4 Steps to Making Art Education at Home Easy and Fun

by Eric Von Lehmden | July 30, 2015

art education at home

No, you don’t even have to take your kids to a museum to have an educational experience with art. Is it a nice thing to do every once in a while? Sure. You should plan a trip, but before you do that let’s just start with the art in your own home. It doesn’t matter the subject matter or if it is something you created or a reprint. It also doesn’t matter that you don’t have an art degree and can’t tell a Monet from a Manet. The goal is to get your kids thinking creatively and finding ways to help them describe what they see.

This method comes from a research based teaching method called the Visual Thinking Strategies. The following quote is directly from the VTS website explaining the premise of the teaching strategy:

"…VTS provides a way to jumpstart a process of learning to think deeply applicable in most subjects from poetry to math, science and social studies. Art is the essential first discussion topic because it enables students to use existing visual and cognitive skills to develop confidence and experience, learning to use what they already know to figure out what they don’t; they are then prepared to explore other complex subject matter alone and with peers…"

This method is really about asking open ended questions to your child about the artwork you are looking at. There are no right or wrong answers, rather it helps kids engage with the art and think for themselves on what it might mean or what is happening in the photo or figuring out the time period it was created.

Let’s face it, the world kids grow up in now can be visually over-stimulating. So much so that artwork & photography is just perused over and not really seen. Just talking about the art in your own home is a perfect way to begin a discussion about art, forming opinions and backing them up with their thoughts and explanations.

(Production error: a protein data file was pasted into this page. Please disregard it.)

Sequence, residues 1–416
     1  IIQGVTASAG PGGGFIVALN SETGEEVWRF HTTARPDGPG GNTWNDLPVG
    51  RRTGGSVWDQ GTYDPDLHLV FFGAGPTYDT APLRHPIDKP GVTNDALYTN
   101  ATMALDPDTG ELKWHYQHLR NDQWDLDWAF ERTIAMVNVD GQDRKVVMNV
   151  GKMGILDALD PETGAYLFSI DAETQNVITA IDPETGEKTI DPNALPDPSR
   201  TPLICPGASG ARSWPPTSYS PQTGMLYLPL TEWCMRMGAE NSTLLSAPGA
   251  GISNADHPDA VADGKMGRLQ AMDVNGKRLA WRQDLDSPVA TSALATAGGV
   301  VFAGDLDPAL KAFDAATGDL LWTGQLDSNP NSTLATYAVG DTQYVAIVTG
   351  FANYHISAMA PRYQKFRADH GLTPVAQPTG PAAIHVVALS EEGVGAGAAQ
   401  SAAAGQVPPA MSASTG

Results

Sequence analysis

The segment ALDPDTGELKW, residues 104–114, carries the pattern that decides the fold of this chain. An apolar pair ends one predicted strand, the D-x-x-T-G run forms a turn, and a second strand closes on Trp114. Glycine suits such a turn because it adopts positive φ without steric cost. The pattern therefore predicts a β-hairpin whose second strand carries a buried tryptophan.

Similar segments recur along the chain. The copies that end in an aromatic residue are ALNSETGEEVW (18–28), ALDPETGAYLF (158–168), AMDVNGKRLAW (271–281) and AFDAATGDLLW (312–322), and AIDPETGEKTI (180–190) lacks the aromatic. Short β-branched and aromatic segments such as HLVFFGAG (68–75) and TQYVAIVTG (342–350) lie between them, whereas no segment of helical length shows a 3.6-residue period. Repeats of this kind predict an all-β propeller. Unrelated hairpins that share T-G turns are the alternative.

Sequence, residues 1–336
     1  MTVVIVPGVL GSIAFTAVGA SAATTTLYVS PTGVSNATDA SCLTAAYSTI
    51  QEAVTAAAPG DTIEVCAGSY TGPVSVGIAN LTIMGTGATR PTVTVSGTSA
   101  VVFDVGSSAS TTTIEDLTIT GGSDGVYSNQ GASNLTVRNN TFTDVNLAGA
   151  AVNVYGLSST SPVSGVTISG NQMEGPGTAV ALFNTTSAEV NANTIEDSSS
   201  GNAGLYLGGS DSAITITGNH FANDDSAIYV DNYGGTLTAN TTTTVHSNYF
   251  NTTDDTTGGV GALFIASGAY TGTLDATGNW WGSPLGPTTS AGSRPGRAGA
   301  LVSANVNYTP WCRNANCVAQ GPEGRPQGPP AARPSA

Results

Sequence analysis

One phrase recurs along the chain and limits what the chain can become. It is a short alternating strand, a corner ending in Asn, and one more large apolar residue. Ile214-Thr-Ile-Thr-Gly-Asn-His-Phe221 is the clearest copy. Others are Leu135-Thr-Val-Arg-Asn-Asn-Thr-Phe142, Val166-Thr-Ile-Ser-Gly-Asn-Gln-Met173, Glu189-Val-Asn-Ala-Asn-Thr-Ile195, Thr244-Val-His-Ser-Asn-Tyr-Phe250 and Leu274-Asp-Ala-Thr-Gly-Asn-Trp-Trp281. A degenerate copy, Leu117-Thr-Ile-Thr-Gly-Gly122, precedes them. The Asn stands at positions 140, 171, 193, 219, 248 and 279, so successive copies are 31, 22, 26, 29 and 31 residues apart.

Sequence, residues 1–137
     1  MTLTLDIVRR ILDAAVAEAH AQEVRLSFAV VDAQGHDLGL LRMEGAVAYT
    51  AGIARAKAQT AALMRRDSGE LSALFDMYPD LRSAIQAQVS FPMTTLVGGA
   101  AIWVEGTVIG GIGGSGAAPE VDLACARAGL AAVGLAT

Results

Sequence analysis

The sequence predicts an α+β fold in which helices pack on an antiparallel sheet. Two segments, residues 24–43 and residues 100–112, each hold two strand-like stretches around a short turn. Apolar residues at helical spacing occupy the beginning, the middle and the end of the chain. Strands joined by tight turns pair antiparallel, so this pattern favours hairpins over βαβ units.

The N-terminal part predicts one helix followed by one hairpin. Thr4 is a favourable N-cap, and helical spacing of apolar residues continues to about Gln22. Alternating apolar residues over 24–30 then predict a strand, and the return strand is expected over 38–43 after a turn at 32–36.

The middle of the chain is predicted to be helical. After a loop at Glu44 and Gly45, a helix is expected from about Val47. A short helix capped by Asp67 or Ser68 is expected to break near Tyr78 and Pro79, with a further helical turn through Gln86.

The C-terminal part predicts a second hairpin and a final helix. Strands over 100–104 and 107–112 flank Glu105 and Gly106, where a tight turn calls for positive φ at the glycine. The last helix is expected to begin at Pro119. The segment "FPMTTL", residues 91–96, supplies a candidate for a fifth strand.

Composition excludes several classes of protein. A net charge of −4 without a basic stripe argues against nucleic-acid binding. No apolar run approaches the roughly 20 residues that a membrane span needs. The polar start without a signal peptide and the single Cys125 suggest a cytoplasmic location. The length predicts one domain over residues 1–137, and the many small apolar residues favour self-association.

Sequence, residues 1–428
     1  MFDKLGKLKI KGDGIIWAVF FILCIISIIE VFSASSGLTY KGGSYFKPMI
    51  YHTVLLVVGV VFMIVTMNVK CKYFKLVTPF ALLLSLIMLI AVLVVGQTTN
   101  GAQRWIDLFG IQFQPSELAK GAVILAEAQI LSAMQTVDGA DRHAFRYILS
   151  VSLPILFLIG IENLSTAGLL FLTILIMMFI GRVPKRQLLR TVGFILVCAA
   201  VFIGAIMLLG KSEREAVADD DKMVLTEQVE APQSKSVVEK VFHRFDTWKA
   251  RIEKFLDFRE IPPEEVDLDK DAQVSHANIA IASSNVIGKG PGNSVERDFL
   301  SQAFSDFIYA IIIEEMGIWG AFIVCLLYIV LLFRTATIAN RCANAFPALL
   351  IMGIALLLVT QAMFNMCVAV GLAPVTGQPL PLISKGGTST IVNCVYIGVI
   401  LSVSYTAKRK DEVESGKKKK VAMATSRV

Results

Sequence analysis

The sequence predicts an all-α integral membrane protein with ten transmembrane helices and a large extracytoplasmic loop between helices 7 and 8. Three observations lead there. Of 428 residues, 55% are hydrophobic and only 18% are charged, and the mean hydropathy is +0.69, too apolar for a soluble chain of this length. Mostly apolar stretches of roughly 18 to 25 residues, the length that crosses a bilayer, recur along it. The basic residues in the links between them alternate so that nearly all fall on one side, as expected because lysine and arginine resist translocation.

art education at homeIf you happen to have a small gallery of artwork you can discuss one piece at a time. You can choose the time period between each discussion.

 

Step 1: Asking questions

Here are 7 questions you can ask to get you started in your conversation. The first two questions being the most open ended and interesting (at least to me) to hear the answer to, and the last one could be the trickiest depending on the age of your child.

What do you see in this picture?

What does it tell you?

How did the artist make this?

If you could add anything to the painting what would you add? Why?

If this artwork could talk to you, what would it say?

What would you name this piece of artwork?

When you look at the artwork, how does it make you feel?

Step 2: Be open minded like I mentioned before, there is no right or wrong answers, and you will often be surprised with what kids come up with.

Step 3: Look carefully Change your perspectives to make sure you see the art from all angles. Close up, far away, different angles etc. Seeing the art from different perspectives could provide different explanations and discoveries.

Step 4: Channel your discussion into educational art projects - Creating their own artwork inspired by what you just discussed can help cement their understanding of the artwork and develop their critical thinking skills even further as they process what into their own creation.

Even though you don’t have an Art degree from college, you are ready to talk about art with your kids to get them thinking creatively.

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Tips-n-Tricks #63

A cloudy day is perfect for taking pics of your kids because you have nice even light all day long. FYI, Ireland is considered the most photogenic place in the world because of how many days have perfect cloud cover.


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